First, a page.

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90s Slang You Should Know


[hwip-lash, wip-] /ˈʰwɪpˌlæʃ, ˈwɪp-/
the lash of a whip.
an abrupt snapping motion or change of direction resembling the lash of a whip.
Also, whiplash injury. a neck injury caused by a sudden jerking backward, forward, or both, of the head:
Whiplash resulted when their car was struck from behind.
Also called whiplash curve. a connected series of reverse curves of more or less elliptical form, used as a major design motif in the Art Nouveau style.
verb (used with object)
to beat, hit, throw, etc., with or as if with a whiplash.
to affect adversely, as by a sudden change:
new taxes whiplashing corporate earnings.
Origin of whiplash
1565-75; 1950-55 for def 6; whip + lash1 Unabridged
Based on the Random House Dictionary, © Random House, Inc. 2017.
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Examples from the Web for whiplash
Contemporary Examples
Historical Examples
  • Rankin raised his arm and brought the whiplash whistling down upon the broad shoulders.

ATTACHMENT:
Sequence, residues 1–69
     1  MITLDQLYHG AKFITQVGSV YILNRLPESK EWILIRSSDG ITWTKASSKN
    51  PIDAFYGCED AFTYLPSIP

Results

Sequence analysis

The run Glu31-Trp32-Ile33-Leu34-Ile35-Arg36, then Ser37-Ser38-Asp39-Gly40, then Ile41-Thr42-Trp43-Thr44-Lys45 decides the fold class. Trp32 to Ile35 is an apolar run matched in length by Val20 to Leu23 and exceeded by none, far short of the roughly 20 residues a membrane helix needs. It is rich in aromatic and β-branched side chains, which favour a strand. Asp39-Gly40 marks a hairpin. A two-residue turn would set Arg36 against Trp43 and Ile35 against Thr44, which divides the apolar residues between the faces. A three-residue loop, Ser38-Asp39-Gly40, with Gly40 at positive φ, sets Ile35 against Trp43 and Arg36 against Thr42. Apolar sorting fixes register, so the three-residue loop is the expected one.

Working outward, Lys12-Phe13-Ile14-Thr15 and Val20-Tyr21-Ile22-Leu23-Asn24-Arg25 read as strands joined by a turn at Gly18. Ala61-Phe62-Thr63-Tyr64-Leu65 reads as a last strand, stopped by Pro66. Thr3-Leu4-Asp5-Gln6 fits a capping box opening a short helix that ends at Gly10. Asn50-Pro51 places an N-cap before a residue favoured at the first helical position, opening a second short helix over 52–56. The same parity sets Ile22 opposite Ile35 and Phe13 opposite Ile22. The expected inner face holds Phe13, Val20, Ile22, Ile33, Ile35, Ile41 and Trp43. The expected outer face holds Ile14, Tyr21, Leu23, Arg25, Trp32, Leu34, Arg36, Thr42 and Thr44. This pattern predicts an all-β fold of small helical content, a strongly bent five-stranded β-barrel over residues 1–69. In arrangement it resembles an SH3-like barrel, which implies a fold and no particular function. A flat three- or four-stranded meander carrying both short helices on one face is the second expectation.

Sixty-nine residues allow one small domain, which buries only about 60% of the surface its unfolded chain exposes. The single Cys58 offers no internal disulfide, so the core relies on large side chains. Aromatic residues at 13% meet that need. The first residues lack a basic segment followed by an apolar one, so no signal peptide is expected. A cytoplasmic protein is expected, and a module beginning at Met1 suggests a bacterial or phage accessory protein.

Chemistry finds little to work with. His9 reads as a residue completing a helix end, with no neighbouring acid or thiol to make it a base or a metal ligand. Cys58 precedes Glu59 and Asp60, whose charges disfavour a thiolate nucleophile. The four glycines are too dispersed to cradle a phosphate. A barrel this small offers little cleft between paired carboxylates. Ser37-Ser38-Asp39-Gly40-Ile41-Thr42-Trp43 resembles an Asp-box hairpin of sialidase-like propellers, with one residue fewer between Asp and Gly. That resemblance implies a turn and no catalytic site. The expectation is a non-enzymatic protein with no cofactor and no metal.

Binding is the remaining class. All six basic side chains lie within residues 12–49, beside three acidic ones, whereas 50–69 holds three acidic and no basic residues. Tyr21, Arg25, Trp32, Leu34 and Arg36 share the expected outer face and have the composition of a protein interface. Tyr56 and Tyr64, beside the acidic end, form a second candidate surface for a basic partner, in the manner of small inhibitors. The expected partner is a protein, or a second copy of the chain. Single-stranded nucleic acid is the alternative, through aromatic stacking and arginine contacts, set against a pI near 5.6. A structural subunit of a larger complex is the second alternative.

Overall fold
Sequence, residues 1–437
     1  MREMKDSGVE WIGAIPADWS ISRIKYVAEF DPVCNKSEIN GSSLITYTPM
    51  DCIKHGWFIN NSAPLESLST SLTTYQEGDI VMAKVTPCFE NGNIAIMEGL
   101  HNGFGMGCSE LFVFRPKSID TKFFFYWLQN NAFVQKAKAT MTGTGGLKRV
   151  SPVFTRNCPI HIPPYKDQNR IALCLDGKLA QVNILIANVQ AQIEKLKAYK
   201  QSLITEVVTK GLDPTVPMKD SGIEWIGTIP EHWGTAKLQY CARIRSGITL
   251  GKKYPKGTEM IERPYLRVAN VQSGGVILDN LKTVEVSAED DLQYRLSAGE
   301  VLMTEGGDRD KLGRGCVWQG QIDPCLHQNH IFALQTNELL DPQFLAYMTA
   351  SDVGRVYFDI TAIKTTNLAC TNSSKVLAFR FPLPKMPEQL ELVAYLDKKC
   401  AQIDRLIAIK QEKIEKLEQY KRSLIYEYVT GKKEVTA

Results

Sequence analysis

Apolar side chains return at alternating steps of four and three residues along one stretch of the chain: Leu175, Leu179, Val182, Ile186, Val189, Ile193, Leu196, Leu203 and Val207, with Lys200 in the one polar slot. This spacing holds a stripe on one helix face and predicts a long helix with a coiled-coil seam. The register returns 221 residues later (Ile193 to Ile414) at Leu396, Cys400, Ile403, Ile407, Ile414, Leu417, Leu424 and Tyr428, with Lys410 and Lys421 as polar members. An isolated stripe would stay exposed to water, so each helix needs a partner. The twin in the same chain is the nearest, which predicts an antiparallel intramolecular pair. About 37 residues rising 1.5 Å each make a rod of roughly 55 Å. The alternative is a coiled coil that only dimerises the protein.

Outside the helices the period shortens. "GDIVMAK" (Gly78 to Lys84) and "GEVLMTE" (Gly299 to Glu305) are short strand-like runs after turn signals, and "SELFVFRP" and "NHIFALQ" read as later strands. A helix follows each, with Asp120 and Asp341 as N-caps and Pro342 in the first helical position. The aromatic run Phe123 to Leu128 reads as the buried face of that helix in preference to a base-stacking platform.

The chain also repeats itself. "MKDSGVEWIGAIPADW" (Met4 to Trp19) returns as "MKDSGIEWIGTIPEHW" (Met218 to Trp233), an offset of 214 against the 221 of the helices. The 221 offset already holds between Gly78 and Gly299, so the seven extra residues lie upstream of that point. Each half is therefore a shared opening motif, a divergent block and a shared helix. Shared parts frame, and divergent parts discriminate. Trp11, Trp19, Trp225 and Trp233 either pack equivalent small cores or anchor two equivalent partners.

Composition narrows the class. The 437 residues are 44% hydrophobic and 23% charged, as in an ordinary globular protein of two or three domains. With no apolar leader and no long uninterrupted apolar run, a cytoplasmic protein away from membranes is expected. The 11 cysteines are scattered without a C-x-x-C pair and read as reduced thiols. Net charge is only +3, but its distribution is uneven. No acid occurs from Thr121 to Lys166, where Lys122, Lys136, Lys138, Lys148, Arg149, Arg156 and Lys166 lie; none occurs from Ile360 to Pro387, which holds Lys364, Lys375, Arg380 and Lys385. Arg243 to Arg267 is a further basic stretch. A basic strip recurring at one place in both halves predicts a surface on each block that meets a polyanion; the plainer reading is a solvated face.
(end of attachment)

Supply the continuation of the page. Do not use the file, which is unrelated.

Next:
Peak and Prairie Anna Fuller
  • "When you came through the town you waked me up like a whiplash," he was saying.

    Way of the Lawless Max Brand
  • Lack of sleep and lack of food supplies were sapping his lanky body of the whiplash swiftness and wiry strength it once possessed.

    Stalemate Basil Eugene Wells
  • What was a boy's whiplash, that his resentment of it; should set all his future life in jeopardy?

    The Sea-Hawk Raphael Sabatini
  • With the dignity of a queen she passed on and out of sight, leaving him with the sting of a whiplash on his face.

    The Dust Flower Basil King
British Dictionary definitions for whiplash


a quick lash or stroke of a whip or like that of a whip
(med) See whiplash injury
Collins English Dictionary - Complete & Unabridged 2012 Digital Edition
© William Collins Sons & Co. Ltd. 1979, 1986 © HarperCollins
Publishers 1998, 2000, 2003, 2005, 2006, 2007, 2009, 2012
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Word Origin and History for whiplash

1570s, "the lash of a whip," from whip (n.) + lash (n.). The injury caused by sudden head motion so called by 1955, in reference to the notion of moving to and fro like a cracking whip. The verb in this sense is recorded by 1971.

Online Etymology Dictionary, © 2010 Douglas Harper
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whiplash in Medicine

whiplash whip·lash (wĭp'lāsh')
Whiplash injury.

The American Heritage® Stedman's Medical Dictionary
Copyright © 2002, 2001, 1995 by Houghton Mifflin Company. Published by Houghton Mifflin Company.
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